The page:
By: John Moody
It’s hard to imagine Donald Trump presenting a more direct, focused and needed speech than the one he gave at the United Nations. Sticking to teleprompter, he told the world body it was not doing its job. He also called out some of its bad actor members, in particular North Korea, which he baldly threatened with total destruction.
The speech’s content had been widely telegraphed last week, but it was also, inevitably, a recitation of the rants and warnings that first Candidate, and more recently, President Trump has been pounding since his campaign took off. The Iran nuclear deal, he noted with justifiable heat, was signed without proper regard for America’s interests and needs fixing. Similarly, trade pacts with other nations must be more even-handed than the NAFTA agreement has proven to be.
Trump’s hottest rhetoric – and thankfully, here he stayed on script – was directed at North Korea. While he needlessly mocked its leader, Kim Jong-Un, as “rocket boy,” his warning to the Hermit Kingdom could not have been clearer or starker. Kim, the president said, is on a suicidal path that could result in North Korea’s “complete destruction.” There could be no misunderstanding those words, which no doubt are now careening around Beijing, Seoul and Moscow.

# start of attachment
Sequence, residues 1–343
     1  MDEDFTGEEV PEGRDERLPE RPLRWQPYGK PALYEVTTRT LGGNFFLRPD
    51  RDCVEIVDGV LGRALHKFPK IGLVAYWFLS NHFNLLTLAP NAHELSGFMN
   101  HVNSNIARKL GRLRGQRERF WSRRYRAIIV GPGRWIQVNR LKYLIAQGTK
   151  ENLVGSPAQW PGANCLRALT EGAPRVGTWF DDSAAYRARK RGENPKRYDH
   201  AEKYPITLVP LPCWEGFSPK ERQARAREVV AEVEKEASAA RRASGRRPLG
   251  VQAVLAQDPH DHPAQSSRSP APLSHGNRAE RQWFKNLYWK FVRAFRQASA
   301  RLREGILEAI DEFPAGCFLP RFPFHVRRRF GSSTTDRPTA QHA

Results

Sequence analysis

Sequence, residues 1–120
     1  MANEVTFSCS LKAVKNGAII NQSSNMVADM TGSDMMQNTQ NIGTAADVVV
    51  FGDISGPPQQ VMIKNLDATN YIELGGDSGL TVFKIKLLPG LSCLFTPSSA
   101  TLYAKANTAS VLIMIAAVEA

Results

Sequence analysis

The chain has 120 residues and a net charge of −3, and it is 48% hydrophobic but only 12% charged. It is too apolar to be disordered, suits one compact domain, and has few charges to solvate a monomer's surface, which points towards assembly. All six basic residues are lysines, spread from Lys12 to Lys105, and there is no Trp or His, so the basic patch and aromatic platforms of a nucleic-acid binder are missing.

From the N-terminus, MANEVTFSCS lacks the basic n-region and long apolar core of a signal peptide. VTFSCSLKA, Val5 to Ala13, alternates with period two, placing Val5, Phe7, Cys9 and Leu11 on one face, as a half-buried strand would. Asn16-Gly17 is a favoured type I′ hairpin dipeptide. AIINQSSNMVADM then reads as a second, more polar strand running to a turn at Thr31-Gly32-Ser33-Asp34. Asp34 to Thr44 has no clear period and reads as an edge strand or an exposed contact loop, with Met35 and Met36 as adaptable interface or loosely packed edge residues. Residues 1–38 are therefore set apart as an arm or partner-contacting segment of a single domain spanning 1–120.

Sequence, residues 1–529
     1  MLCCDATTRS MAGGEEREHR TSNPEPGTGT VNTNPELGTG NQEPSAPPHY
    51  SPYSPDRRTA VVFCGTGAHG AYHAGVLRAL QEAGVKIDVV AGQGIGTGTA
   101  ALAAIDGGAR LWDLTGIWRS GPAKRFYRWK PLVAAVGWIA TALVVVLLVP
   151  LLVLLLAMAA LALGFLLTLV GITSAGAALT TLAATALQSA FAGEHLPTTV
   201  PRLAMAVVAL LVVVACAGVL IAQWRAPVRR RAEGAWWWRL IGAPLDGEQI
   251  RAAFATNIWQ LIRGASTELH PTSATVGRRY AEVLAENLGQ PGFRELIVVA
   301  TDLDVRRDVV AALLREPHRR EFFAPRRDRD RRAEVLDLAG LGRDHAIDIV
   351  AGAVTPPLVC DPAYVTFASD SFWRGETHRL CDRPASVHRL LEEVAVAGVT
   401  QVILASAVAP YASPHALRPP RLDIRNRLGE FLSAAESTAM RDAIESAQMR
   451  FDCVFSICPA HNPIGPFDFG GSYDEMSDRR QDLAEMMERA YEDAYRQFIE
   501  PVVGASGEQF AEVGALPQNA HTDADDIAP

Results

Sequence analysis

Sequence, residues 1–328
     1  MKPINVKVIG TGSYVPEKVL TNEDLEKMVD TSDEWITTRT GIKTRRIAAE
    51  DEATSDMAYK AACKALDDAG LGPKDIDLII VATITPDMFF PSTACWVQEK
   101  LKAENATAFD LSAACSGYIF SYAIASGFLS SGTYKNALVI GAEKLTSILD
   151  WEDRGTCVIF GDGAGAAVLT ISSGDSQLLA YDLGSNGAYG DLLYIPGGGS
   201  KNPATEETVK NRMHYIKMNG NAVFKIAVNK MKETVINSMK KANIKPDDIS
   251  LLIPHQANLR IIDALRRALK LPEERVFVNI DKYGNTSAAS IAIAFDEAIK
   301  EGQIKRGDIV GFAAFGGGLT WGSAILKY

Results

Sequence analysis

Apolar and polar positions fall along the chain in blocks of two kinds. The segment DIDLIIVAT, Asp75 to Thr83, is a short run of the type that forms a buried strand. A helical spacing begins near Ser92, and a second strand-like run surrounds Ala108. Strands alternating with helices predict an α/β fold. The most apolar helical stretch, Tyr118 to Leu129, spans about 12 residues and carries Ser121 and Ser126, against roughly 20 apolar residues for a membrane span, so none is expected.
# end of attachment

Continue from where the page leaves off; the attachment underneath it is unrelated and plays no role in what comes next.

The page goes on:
Perhaps most important to Trump, he laid out an honest and honorable definition of what he means by America First: it’s his job as president of the United States to put the interests of his citizens at the top of his priority list. The same burden, he said, falls on other world leaders with regard to their countrymen. What the U.S. is no longer willing to do, he said in plain (and scripted) language, is to allow itself to be out-dealt and outvoted on issues that affect Americans.
He bluntly told his hosts at the UN that they often failed to carry out their promises. And he pointed out the absurdity of appointing member states with horrible human rights records to its Human Rights Commission. This was a president of the people (despite receiving fewer votes than his opponent) speaking for the people. His speech will be criticized by some as hawkish. So what? Trump has shown that while he’s open to deal-making, he can also resort to force, as he did in Syria.
His speech is likely to restore the faith and enthusiasm of his base supporters, and give other world leaders a better indication of who this strange, unconventional president – with the the world’s greatest armed forces behind him – really is.
If Trump can just stick to script, as he did at the UN, he could close out 2017 on a very successful note.